A post on The Secret World's blog discusses how fans of the game set up Twitter accounts for their characters and began role-playing as their avatars. Funcom decided to take the idea and build upon it.

On the blog, Funcom writer Joshua Alan Doetsch talks about how the interactions between fans and their in-game characters on Twitter helped them develop the idea for the Twitterverse Experiment, in which they created Twitter accounts for non-player characters in the game.

The six current NPCs on Twitter are @The_Buzzing@PrunePrince@CorporateBlues@Innsmouth66, @katanaguyissue1, and @BoomBoom_Man. All of these handles use #hivehum and interact with the game's players. Missions that take place both in and out of the game are assigned every Tuesday and have steadily been giving players lots to do over the last few weeks.

From the blog, here are the missions from the first few weeks of role-playing on Twitter:

  • Week 1: Valentine's Day - The Buzzing intercepted some smartphone pics and broadcast them with cryptic messages. Saïd, curious, offered a monetary reward (Funcom Points) for more info, leading players on a search for the places and people referenced in the pictures — eventually leading to Danny and Carter, in Kingsmouth, and their awkward teen romance.
  • Week 2: Spy vs Spy - Leaked hints indicated that one of the Secret Worlders on Twitter was an informant for the Orochi Group. Saïd offered payment for proof, and players were encouraged to incriminate each other with creative pics. Paranoid escapades ensue. In the end, Saïd handed out rewards for the best incriminating pics, and Kirsten Geary gave a bribe to the "alleged" spy (a "counter-offer" for future employment).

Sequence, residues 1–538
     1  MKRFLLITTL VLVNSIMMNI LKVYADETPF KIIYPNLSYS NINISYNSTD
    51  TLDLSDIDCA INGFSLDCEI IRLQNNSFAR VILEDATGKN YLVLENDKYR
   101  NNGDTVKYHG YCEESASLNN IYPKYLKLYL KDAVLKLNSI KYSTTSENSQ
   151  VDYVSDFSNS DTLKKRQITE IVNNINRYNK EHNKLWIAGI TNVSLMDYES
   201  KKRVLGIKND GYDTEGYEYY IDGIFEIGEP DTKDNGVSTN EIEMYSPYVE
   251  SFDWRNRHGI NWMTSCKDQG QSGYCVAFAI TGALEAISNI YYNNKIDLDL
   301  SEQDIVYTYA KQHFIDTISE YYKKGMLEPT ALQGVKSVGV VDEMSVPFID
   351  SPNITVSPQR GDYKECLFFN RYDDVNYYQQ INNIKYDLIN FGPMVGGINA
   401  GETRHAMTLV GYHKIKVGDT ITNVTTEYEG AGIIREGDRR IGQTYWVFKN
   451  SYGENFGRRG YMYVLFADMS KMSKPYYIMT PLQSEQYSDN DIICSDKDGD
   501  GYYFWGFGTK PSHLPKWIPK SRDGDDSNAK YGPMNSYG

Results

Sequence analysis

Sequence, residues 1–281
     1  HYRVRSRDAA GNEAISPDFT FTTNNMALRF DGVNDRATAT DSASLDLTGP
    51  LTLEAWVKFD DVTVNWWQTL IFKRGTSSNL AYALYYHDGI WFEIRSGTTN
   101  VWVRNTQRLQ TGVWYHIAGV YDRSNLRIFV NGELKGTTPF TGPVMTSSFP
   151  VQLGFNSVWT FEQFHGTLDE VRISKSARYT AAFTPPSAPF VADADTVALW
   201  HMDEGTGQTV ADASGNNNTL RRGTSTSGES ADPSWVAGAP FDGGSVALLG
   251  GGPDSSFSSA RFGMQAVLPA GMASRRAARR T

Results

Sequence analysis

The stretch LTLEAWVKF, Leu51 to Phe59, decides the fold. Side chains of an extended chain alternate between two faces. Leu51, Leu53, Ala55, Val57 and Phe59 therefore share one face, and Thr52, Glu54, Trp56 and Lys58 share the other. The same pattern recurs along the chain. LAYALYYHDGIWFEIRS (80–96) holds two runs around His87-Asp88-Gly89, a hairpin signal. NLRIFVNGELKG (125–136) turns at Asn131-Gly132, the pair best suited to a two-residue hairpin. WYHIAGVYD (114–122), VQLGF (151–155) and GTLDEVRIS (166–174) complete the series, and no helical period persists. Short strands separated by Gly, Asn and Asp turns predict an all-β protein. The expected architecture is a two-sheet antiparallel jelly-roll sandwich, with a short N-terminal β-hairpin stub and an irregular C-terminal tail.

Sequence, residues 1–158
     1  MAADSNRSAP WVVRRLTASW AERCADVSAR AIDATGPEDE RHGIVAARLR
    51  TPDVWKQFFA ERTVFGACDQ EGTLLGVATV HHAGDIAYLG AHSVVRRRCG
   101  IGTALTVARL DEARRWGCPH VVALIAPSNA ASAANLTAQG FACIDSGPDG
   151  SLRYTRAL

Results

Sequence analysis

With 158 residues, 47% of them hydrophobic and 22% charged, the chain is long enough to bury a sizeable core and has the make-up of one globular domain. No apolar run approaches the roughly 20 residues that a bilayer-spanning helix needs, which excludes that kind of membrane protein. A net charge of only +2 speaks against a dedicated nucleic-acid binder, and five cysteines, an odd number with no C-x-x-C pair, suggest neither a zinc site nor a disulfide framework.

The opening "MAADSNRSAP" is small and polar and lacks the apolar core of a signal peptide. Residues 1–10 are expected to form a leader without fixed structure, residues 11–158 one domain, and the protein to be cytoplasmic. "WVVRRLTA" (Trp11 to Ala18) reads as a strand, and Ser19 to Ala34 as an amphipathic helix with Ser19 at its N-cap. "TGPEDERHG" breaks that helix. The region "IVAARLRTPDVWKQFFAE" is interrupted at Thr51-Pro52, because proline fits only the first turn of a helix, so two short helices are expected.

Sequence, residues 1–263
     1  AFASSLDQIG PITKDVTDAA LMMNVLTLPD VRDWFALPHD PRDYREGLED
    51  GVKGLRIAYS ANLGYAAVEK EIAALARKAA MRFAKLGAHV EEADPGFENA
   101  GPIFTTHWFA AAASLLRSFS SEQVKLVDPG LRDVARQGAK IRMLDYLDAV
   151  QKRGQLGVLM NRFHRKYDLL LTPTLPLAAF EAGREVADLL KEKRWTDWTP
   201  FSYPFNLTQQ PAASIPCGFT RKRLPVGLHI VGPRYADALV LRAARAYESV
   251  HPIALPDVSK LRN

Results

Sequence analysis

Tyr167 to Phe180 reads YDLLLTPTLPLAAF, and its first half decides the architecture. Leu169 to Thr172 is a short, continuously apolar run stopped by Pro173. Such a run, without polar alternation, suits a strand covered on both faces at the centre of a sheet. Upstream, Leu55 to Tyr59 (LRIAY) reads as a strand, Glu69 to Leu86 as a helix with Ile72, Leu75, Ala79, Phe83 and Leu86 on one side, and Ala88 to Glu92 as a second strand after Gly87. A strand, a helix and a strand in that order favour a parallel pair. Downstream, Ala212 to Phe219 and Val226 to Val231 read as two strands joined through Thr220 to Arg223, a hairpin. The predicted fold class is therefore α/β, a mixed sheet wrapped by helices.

• Week 3: Orochi Research - The Buzzing murmured cryptic hints that sent players on to investigate an Orochi camp in Egypt, and to hack the Orochi website for information on an abandoned time travel project. Participating players did an impressive amount of research on the "time tomb" of Brompton cemetery, giving them a wealth of real-world mythos relevant to Issue 6: The Last Train to Cairo
  •  Week 4: Radio Hack - In our most ambitious Twitter mission, we recruited TSW's player-driven, in-character RP radio station, Radio Free Gaia (@radiofreegaia) to our cause, and they performed beautifully. At midnight, on March 6th, the radio station's live stream was interrupted by a pirating signal (the Buzzing), cutting in with distorted sounds and a stolen audio log from the Orochi time-travel project. The DJ came back on, disturbed that her show was unexpectedly taken over by an alien signal. Listening and seeing this all play out, on the air and on Twitter, was one of the most satisfying things I've done on this job. It was like a mix of MMO, Twitter roleplay, and Orson Welle's War of the Worlds. The Buzzing continued to broadcast their message every hour. Eventually, a clever player figured out that the distorted sounds were actually an image encoded in audio form. Translating the sound back to the image led the players to an in-game object, and a gory story in the Modern Prometheus.
  • Week 5: Kirsten Geary Pics - Nassir joins Twitter and, not quite understanding the medium, accidentally releases drunk pictures of Kirsten Geary. Saïd took the chance to defame his Internet rival, encouraging players to create their own incriminating pics. Player participation was as enthusiastic as it was hilarious.

Doetsch explains that the players have fleshed out their characters through the Twitter role-playing and that it could be great fun for both casual and hardcore fans. The sheer amount of lore that's been generated from the role-playing community is enough to occupy a player for a good while.

Check out the blog to learn more. And let us know what you think about role-playing outside the confines of a video game. Are you for it or against it? Sound off!